“Perhaps,” said Muninn. “Though I think you have become more brave than you were before.”
“I’m not scared of cages, Muninn. Not anymore. But I think I’d be scared to be in one alone, with no-one to talk to. To be trapped all by myself.”
“The biggest cage can fit everyone inside it,” said Muninn. “There is always someone to talk to. And some of the little ones are made for sharing. Like this one. The crew will share it together today. And tomorrow, one of them will share it with another person, in another cage. Aquanaut will talk to astronaut, both of them locked in their little boxes. In boxes inside boxes.”
“I would have liked to hear that,” said August.
“Perhaps you have heard something similar.”
August laughed. It wasn’t a very strong laugh, but it was sincere, a clean upwelling of humour. “Perhaps,” he said. “It must be strange to be so cut off. I know they could call. But it’s like living in a bubble, almost. You’re cut off from everything here.”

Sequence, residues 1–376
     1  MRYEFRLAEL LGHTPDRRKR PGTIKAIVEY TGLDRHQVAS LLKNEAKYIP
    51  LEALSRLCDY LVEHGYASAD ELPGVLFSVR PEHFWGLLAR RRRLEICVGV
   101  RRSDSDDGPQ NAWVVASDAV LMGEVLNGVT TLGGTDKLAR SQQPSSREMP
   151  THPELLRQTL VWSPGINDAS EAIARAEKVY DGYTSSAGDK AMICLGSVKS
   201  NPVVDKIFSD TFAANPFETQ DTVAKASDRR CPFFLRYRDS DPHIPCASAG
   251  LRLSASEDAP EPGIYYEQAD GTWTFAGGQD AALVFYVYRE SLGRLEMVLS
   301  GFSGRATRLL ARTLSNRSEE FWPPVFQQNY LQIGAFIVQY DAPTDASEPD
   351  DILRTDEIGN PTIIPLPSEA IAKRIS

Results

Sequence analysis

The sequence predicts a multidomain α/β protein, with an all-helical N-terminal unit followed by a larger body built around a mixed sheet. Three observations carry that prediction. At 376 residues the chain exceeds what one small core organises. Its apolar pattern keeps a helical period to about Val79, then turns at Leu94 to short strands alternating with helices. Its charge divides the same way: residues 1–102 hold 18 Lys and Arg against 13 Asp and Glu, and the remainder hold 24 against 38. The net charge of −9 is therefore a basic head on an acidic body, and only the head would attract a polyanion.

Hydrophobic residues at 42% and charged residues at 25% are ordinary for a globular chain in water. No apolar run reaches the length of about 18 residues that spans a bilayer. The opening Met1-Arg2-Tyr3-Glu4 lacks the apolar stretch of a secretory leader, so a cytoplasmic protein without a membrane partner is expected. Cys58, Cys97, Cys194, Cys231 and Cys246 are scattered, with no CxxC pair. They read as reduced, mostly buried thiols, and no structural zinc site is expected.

“Separate,” said Muninn.
“Yes.” August knew what it was to be separate, to feel apart. There was no bubble about his bed, whether it was in the hospital or in his room at home, but it felt that way sometimes–as if he were a creature from a strange country who needed a safe place made for him, one where he would not die or drown. One made for experiments and for watching, and for most of his life he had been the subject. There had been tests and operations and medicine, all to try and make him fit for a world he found it hard to survive in, and all the time his reactions were monitored.